Exiting trades successfully can be the hardest thing you do - here's a road map to success

Trading is simple, but not easy.

Simple because good traders follow a set of rules which establish their entry, exits, position size, and money management protocols.

Not easy, because establishing the set of these rules - this process - which suits any individual trader takes time, work, and practice.

All with no guarantee of success.

This article is dedicated to those traders still struggling with one of the most important areas of trade management.

The exit.  

Exiting a trade is easy when you are wrong. 

It may sound trite to say it but exiting a trade is easiest when you are wrong. That's because the stop loss takes care of that for you.

Now, of course, this begs the question of where a trader sets their stop, and how they set that stop. Let me put that to one side - for another article - and assume that traders do the prudent thing and protect their position, themselves, and their capital with an appropriate stop.

But of course the idea of a stop loss for many traders is just that. It's an idea.

I remember that in my first trade I doubled down when the market moved against me. I'd bought 25 lots of the 90 day bank bill future contract on the Sydney Futures Exchange became 50 when prices fell and my boss - the head trader - asked me what I thought.

The much younger me spoke words the almost 50 year old version would never say. 

"I reckon I'm right," I said. 

"Buy some more then," the Boss said. 

So I did. And the loss on 25 lots eventually became a profit on 50 as I got lucky and the market moved higher once again. We went to the pub to celebrate.

Danger Will Robinson!

I'd just been taught that I was right and the market was wrong. I'd just been set up to trade at $625 a point that became $1,250 a point without a stop. Without an exit plan when I'm wrong. 

First lesson. The market is the market. The arrogance of "I reckon I'm right" should never pass one's lips. 

These days I trust my process and my system. A trade is but one in a series of thousands of trades. And if it doesn't work out the stop loss will look after the exit and the - known - amount of capital I am prepared to risk on any given trade.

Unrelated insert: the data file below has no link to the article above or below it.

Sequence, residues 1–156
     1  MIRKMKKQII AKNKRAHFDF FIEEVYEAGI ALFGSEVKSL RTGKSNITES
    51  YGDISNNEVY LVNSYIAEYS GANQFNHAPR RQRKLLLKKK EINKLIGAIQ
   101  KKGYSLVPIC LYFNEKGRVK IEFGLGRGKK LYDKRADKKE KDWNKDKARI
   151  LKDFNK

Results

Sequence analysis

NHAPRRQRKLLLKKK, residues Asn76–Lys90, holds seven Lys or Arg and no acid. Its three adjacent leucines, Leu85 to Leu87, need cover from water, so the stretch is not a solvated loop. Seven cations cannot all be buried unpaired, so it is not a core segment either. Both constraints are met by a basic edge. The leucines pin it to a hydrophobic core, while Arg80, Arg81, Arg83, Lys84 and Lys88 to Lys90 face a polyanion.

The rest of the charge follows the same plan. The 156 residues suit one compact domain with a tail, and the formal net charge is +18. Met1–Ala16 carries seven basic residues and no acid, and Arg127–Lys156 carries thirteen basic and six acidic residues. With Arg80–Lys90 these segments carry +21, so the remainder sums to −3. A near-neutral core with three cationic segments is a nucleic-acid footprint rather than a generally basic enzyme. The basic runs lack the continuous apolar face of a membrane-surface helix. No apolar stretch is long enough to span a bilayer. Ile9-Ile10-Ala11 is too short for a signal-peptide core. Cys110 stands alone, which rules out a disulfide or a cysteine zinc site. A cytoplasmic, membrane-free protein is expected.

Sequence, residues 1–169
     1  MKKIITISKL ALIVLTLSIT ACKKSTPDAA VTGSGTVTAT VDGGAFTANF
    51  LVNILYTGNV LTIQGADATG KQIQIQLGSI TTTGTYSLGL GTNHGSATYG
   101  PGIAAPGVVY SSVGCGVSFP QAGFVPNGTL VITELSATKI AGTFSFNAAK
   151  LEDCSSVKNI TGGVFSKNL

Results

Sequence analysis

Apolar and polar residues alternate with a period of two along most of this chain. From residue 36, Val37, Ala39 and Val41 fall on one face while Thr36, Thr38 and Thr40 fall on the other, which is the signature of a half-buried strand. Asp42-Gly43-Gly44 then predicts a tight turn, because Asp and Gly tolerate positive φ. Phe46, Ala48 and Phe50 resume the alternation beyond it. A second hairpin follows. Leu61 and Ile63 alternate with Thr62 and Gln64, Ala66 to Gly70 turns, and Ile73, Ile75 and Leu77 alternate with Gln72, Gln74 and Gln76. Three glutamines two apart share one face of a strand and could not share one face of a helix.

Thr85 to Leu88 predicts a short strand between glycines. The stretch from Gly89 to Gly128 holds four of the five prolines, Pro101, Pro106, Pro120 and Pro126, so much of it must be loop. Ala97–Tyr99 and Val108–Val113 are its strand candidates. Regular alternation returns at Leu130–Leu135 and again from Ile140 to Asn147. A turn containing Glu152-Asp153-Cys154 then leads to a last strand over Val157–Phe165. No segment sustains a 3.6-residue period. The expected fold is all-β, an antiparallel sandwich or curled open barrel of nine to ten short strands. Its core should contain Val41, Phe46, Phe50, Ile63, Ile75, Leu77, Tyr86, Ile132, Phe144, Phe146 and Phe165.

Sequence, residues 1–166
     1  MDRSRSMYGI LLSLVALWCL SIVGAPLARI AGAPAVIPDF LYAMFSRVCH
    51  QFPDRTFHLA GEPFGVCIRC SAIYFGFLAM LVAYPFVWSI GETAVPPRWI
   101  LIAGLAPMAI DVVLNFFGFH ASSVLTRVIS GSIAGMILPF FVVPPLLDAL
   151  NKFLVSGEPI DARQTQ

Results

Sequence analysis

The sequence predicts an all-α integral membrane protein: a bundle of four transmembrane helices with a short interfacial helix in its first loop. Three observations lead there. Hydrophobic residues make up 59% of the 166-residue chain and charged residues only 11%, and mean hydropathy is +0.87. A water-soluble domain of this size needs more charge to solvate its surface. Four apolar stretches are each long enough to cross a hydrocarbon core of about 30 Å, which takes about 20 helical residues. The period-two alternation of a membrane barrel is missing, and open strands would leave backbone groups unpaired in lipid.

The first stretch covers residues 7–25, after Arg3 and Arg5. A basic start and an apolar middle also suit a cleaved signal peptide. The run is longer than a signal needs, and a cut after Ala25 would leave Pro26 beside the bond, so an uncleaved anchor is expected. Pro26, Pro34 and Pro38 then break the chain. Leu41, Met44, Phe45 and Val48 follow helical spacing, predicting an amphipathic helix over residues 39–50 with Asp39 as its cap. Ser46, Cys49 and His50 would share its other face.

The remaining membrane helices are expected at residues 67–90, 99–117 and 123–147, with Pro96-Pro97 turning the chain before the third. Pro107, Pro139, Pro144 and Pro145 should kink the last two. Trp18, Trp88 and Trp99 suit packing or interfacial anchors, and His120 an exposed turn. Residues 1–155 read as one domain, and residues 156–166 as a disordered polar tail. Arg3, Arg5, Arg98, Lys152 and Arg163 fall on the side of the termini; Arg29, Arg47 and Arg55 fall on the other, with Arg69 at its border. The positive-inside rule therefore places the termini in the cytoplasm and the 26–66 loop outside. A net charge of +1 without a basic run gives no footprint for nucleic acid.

So with a stop loss exiting on losing trades is easy.

But exiting a trade at other times  CAN BE MORE COMPLEX.

Indeed from my experience the hardest thing to do sometimes is to know when to exit a profitable trade - some say a winning trade. But this is not a game and I detest that phrasing.

First a bit of background.

The behavioural psychologists have shown that we humans are not the rational utility maximisers that the faux-scientific branch of economics and finance that has develop over the past 50 year or so would have us believe. We are, after all, human with all that comes with it. 

In a trading sense the best way to explain that is traders often hang on to their losing trades in the hope that they'll come back into the black. It also means that traders don't hold onto their winners long enough. They are scared the trade in the black will reverse and run into the red.

Put simply too many traders lets their losses run too far and cut their profits too soon. 

It's a human trait. We are all prone to it. And the result I often saw in myself in the early days, and in traders I've worked with over the decades, is that profitable trades can be more stressful than losers. 

The stop will take care of that. 

So here are three ways that I think can help traders manage their trades a little better when they are running in the black.

Trailing stop

The trailing stop is probably the most emotionally successful way for a trader to manage a profitable trade. That's because in the same way that the stop protects your initial positions at the risk parameters a traders is happy to accept, so a trailing stop can convert those risk parameters into a real time position protection as the market moves. 

And of course, a trailing stop is exactly what it says on the box. It is a stop loss which trails the market moving higher on a long position, or lower on a short position, as the market price of the asset being traded moved.